The Upper East Side’s New Ride

After about 50 years on the drawing board, and more than 40 years of on-again, off-again construction, residents of the Yorkville neighborhood on the Upper East Side finally have a way to get to work.

Q trains got rolling on the brand new Second Avenue line earlier this year, serving three new stations under Second Avenue at 72nd Street, 86th Street and 96th Street. Also included in the project was the refurbishment of the station at Lexington Avenue and East 63rd Street, which serves the Sixth Avenue F train service, in addition to the Second Avenue Q, with connection to the Lexington Avenue and Broadway lines.

The change marks the second expansion for the Subway in as many years, after the opening of the new station at Hudson Yards in fall of 2015, which brought the Flushing Line southwest of its original terminus at Times Square to 11th Avenue and West 34th Street.

The stations along the new line are deeper than the average station in the Subway and are accessible only by way of elevator or escalator.

Each station has a mezzanine level between the platforms and street level, with the mezzanines running parallel to the tracks and a series of escalators connecting the two levels.

Between the mezzanine and platform levels are large multi-colored banners reading “Second Avenue Subway,” and more permanent installations reading “E Pluribus Unum” (the motto of the United States of America, which is Latin for “out of many, one”), or “Excelsior” (New York State’s motto, which is Latin for, “Ever Upward”).

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96th Street Station lined with mezzanine artwork created by Sarah Sze.

Bright, airy and open, the new stations are unlike any others in the New York City Subway, boasting impressive public art displays and wide, lofty corridors that ferry passengers from trains to street level.

Lexington Avenue- East 63rd Street

The first stop on the new line, colloquially called ‘63rd and Lex’ is the only of the new services’ stations to have been in use before this year.

But the new Q’s twenty first-century charm has descended onto the platforms of this deep, cavernous station. The F train platforms have been retrofitted with the new wall design: long, horizontal plastic stripes along the wall, complete with the “Lex-63” logo, intended to absorb track noise, and giving the station a lighter feel.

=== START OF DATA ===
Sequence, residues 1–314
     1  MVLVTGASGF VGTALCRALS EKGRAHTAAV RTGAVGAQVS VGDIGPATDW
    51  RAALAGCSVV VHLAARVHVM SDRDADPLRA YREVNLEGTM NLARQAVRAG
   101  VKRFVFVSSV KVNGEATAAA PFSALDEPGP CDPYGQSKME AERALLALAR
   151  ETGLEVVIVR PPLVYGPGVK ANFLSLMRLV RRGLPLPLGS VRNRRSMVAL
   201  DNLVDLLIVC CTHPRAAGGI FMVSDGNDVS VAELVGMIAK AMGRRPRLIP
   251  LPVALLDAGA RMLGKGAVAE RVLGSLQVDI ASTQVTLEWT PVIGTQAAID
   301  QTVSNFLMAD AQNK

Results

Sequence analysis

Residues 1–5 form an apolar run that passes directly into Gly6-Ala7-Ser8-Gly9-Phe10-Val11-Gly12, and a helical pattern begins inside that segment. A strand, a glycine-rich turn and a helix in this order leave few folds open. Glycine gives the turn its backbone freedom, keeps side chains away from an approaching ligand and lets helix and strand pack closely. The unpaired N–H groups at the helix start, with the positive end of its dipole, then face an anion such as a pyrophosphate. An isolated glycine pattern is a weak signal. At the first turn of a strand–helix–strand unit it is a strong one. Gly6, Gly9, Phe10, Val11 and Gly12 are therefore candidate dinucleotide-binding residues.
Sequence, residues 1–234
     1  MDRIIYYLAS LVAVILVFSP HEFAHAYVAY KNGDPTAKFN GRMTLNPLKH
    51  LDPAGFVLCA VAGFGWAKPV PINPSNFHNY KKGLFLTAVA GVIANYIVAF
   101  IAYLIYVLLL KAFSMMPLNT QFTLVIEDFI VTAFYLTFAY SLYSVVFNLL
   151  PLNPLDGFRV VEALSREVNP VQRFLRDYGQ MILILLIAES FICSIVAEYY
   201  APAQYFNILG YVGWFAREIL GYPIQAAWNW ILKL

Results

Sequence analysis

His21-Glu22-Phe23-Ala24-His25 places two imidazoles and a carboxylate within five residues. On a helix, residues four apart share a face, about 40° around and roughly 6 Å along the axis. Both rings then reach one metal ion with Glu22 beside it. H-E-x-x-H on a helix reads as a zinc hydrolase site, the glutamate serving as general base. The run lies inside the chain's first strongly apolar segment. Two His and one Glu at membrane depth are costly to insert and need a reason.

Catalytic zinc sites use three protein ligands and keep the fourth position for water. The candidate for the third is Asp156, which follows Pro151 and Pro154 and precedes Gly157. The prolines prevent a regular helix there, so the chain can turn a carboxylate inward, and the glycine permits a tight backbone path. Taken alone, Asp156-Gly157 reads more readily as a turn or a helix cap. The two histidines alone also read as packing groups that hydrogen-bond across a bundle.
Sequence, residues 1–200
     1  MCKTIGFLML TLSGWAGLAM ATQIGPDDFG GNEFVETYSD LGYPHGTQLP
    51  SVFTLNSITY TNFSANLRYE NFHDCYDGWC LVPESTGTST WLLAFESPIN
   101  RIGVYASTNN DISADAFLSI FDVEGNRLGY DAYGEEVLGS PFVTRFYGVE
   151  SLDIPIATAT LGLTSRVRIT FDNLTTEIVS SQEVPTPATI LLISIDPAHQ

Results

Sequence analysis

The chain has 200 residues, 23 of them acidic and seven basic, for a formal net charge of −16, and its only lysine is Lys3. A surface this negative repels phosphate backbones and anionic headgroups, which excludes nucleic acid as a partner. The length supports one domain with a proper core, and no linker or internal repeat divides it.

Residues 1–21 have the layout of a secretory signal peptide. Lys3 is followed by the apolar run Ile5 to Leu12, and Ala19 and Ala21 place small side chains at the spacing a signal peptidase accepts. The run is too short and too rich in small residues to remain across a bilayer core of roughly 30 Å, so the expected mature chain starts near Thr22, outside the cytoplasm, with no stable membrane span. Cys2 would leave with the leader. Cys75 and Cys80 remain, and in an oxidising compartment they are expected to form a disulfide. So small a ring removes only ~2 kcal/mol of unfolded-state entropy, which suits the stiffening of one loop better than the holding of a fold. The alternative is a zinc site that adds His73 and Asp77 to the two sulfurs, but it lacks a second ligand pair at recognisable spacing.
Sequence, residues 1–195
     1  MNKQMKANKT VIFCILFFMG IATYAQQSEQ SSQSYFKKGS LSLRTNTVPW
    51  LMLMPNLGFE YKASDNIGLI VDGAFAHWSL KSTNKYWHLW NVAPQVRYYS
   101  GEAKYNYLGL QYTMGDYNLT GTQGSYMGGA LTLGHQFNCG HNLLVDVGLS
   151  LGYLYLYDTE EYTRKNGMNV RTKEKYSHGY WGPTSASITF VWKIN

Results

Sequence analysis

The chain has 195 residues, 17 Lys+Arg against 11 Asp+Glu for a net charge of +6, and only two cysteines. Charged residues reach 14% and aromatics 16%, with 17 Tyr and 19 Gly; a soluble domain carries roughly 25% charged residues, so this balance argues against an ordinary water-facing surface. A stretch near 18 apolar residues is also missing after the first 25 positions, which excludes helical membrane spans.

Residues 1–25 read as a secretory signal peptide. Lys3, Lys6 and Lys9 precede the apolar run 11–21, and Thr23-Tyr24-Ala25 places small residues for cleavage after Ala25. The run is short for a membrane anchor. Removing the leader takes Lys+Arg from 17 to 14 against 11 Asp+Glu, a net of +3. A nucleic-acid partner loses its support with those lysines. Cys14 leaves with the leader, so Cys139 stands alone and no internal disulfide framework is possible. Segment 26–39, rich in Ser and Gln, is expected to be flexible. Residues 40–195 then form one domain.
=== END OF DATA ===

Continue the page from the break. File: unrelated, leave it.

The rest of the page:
Among the public artworks at this station are large mosaics by artist Jean Shin, including one especially striking work depicting a crane lifting a steel section above a chaotic mess of twisted trusses and girders.

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Mosaics by Chuck Close located at the 86th Street Station.

72nd Street

The mezzanine at 72nd Street is lined with mosaics featuring a diverse array of people waiting for a train.

“I just wanted them to be normal people,” artist Vik Muniz told The New York Times last year.

The works –collectively titled “Perfect Strangers” – include a construction worker whose belt is heavy with gear, a police officer, a gay couple and Muniz himself – trying to control the papers flying from his briefcase.

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Vik Muniz’s art “Perfect Strangers” installed at the 72nd Street Station.

86th Street

The 86th Street station boasts perhaps the most intricate and detail-oriented mosaic work in the entire Subway system.

Artist Chuck Close made twelve mosaics, many of which immortalize some of New York’s prominent local artists – including two of Close himself.

The mosaics are each several feet high – and cover nearly the entire distance from the floor to ceiling in the mezzanine above the platforms.

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Mosaics by Chuck Close located at the 86th Street Station.

96th Street

96th Street is the end of the line, for now.

The mezzanine in this station is lined with the work of Sarah Sze, an American artist. The mezzanine above the tracks features a dizzying display of blowing papers against a deep blue sky.

As riders proceed down to the mezzanine level from street level on escalators, another of Sze’s works is on display, featuring a large, blue-print looking work that astonishes in its attention to detail.

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A mosaic installed in the 86th Street Station.

More to Come

The full Second Avenue Subway is far from complete. The next phase of the project, which is expected to open by 2030, will bring trains farther Uptown along 2nd Avenue, to a terminal at 125th Street, where commuters will have the option to switch to the Lexington Avenue line.

Longer term plans involve bestowing a new letter unto the line – T – and bringing it all the way Downtown to Hanover Square in the Financial District.

But for now, the Upper East Side can rejoice – because the Second Avenue Subway is finally here.

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Vik Muniz’s art “Perfect Strangers” installed at the 72nd Street Station.